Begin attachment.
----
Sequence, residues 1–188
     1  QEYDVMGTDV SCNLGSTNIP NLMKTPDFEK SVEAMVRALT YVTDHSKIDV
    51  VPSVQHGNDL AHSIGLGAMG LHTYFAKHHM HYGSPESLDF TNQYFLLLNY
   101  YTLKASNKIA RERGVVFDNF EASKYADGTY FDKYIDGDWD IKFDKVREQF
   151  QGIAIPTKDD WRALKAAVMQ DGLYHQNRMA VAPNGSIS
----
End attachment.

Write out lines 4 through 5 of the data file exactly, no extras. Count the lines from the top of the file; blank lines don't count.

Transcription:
   101  YTLKASNKIA RERGVVFDNF EASKYADGTY FDKYIDGDWD IKFDKVREQF
   151  QGIAIPTKDD WRALKAAVMQ DGLYHQNRMA VAPNGSIS